M1 iPad Pro’s Combined CPU, GPU Load in Intense Gaming Session Consumes 20 Watts
For the most part, the M1 iPad Pro features a desktop-class chip, which is incredible given how thin and light it is. This can mean that for intensive CPU and GPU tests, the M1 will crush anything thrown in its direction, but at the same, consume more power than traditional smartphone chipsets. Well, that is exactly the case, according to a series of tests done.
M1’s CPU and GPU Combined Test Alone Consume 20 Watts - Other Components Not Taken into Consideration
Golden Retriever on Twitter has published some power consumption tests of the M1 iPad Pro, and given that the same chip found in the redesigned iMac also made its way to Apple’s flagship tablet, you can expect it to consume a fair amount of power. According to the tweet, playing Divinity: Original Sin II allows the M1 chip to really flex its muscles, so the combined load on the 8-core CPU and 8-core GPU mounts to 19.9 watts of power consumption.
Of course, this was the most power consumed from the SoC, according to the list of tests done, and these are approximate results, meaning that consumption could be high or low, depending on how far the M1 iPad Pro is stressed. Opening the Twitter thread, a discussion is going on saying that the Exynos 2100 consumed around 5-6 watts, so does that mean the M1 is an inefficient part?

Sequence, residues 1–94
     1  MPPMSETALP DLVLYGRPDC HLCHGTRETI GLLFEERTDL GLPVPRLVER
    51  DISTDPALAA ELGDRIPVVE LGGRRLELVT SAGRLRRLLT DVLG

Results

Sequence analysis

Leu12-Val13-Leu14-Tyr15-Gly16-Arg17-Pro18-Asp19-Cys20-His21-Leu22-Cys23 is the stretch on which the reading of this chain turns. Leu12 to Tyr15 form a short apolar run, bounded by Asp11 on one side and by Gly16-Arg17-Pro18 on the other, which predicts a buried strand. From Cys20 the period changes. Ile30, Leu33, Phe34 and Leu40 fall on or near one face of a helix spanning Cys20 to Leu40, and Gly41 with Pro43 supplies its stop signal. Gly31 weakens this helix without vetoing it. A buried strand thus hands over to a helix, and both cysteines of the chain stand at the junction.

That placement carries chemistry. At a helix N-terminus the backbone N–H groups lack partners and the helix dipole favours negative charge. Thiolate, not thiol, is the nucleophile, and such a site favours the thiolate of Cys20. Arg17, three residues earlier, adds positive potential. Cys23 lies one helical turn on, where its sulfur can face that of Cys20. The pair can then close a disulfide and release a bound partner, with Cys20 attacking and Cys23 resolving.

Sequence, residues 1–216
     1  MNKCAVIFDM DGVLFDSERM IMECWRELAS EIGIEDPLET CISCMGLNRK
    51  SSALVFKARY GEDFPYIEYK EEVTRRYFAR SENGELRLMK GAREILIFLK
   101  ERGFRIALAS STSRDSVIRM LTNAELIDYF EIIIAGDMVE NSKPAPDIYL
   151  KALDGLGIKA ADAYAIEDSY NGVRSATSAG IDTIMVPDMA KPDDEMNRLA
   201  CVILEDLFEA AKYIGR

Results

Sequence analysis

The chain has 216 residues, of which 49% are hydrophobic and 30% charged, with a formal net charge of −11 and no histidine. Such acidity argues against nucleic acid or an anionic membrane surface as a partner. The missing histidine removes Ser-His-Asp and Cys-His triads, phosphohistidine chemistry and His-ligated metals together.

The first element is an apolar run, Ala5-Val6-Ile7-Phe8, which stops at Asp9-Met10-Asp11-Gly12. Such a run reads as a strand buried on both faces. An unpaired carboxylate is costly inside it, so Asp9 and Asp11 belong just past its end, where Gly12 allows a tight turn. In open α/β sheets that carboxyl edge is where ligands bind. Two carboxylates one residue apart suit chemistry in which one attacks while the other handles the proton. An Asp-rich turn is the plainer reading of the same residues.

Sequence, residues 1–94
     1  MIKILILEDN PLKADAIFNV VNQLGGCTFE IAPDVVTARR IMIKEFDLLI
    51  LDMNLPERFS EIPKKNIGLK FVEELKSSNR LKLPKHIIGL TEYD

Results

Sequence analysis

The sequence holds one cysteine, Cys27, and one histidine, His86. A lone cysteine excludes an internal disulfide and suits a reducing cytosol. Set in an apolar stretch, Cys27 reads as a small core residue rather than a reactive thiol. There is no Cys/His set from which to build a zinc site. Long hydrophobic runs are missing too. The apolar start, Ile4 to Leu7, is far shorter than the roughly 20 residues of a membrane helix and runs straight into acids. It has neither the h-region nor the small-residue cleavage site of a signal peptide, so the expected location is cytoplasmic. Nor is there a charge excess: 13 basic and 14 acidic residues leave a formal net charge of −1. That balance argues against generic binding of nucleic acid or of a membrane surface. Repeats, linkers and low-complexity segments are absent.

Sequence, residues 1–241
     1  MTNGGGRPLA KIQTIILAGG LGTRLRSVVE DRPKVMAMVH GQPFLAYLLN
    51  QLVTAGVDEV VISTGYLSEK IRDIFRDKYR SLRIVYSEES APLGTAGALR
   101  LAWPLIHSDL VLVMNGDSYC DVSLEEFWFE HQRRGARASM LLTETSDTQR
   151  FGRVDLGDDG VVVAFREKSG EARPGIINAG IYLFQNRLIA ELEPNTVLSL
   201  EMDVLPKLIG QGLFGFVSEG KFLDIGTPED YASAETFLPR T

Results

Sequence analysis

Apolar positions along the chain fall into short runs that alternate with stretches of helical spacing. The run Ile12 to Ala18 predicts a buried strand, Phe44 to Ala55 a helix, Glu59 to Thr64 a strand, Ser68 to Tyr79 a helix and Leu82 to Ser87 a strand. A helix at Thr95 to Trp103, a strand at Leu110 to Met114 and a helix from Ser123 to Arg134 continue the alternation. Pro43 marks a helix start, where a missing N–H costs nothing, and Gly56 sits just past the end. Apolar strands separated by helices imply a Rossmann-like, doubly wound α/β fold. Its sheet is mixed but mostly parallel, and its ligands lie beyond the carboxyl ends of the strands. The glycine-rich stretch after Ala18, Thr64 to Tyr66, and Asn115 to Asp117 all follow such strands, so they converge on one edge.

iPad Pro M1 Approx. CPU GPU Power Figures(sans idle)：
CPU Single Core Float 10.7Watt - Linpack
CPU: 8-Core Float 14.3W - Linpack
GPU: 16.3W - 3DMark Wildlife Stress Test
CPU + GPU in Game: 19.9W - Divinity: Original Sin II#iPadPro2021 #iPadProM1 pic.twitter.com/McElpf3LAh
— Golden Reviewer (@Golden_Reviewer) May 23, 2021
Not at all, because the M1 was not designed to be a simple mobile chip. Its architecture and power efficiency also allows it to be crammed in a package as thin as the iPad Pro. The discussion going on Twitter was that if the Exynos 2100 had more cores, it would have performed better. Unfortunately, adding more cores would likely have resulted in thermal throttling, which the M1 does not exhibit, as you can see in the results.
This kind of power consumption would also explain why the 12.9-inch M1 iPad Pro has a bigger battery than the 2020 version, as the previous A12Z Bionic would likely have never come close to attaining such results. This can also mean that the M1X, or M2, whatever Apple decides to call, will likely consume more power, meaning the new MacBook Pro models may feature an elaborate cooling solution while also delivering impeccable performance.
News Source: Golden Retriever